Take the 2-minute tour ×
MathOverflow is a question and answer site for professional mathematicians. It's 100% free, no registration required.

Coming from a completely different world, I am trying to learn some very basic Fourier analysis, and have been scratching my head around this (it may be a very stupid question with an obvious answer):

Let $(f_n(t))_{n\in\mathbb{N}}$ be defined as $f_n(t)=\exp(it\cdot x_n)$ on some compact $T\subset\mathbb R^d$ for a given sequence $(x_n)_{n\in\mathbb N}$ in $\mathbb R^d$. Is it possible to choose $T$ and construct a measure $\lambda$ on it in such a way to make $(f_n(t))_{n\in\mathbb{N}}$ an orthonormal basis in $L_2(T,\lambda)$? This would be in analogy with the usual Fourier basis on the unit circle where $d=1$ and $x_n$ are the integers. So, we need that $\int\exp(it\cdot(x_n-x_m))d\lambda(t)=0$, for $n\neq m$, which seems impossible for generic $(x_n)_{n\in\mathbb N}$, but it is not obvious that it is since we can choose T and the measure on it freely?

Many thanks, P.S.

share|improve this question
1  
The integral you are setting to $0$ is just the $L_2$ dot product of $e^{it (x_n-x_m)$ and $\lambda(t)$ (if $\lambda$ can be represented by an $L_2$ function). Thus, there is a solution if (but not necessarily only if) the functions $e^{it(x_n-x_m)}$ do not span a dense subspace of $L^2$. Note, for instance, that the functions $e^{it(n-m)}$, $N\neq m$, span the space of functions with integral $0$. –  Will Sawin Nov 11 '11 at 19:00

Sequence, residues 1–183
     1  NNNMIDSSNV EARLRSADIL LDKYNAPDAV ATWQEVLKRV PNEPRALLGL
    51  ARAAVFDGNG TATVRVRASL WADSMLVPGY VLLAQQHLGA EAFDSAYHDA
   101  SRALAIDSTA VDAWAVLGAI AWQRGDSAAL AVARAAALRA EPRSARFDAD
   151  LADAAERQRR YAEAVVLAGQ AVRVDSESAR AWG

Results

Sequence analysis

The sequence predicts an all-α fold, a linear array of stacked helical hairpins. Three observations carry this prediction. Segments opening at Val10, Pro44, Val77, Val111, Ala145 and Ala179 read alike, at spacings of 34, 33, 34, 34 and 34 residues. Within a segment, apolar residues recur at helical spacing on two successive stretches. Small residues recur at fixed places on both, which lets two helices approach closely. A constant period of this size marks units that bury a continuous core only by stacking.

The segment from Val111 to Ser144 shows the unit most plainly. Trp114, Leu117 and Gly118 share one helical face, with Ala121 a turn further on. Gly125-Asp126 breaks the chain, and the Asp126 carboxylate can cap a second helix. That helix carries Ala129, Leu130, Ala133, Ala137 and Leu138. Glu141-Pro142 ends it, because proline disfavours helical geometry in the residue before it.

1 Answer 1

Such T and measure do exist and in certain cases the measure is the restriction of usual Lebeasgue measure in $\mathbb{R}^n$. This kinds of sets are called spectral sets and spectral measures respectively, i.e., sets/ measures for which an complete orthogonal system of exponentials exist. The study of such sets began with the work of Fuglede (Fuglede, B. "Commuting Self-Adjoint Partial Differential Operators and a Group Theoretic Problem." J. Func. Anal. 16, 101-121, 1974.) who conjectured that a set is spectral if and only if it tiles and proved it in the special case when the spectrum or the tiling set is a lattice. The conjecture however has been disproved in dimension bigger than 3 following the work of Tao Tao, T. "Fuglede's Conjecture Is False in 5 and Higher Dimensions." ( http://arxiv.org/abs/math.CO/0306134.) but remain open in dimension 1,2. Further under additional hypothesis on the set T many positive results are known. The study of spectral measure began with the work of Jorgensen and Pedersen and Strichartz.

share|improve this answer

Your Answer

 
discard

By posting your answer, you agree to the privacy policy and terms of service.

Not the answer you're looking for? Browse other questions tagged or ask your own question.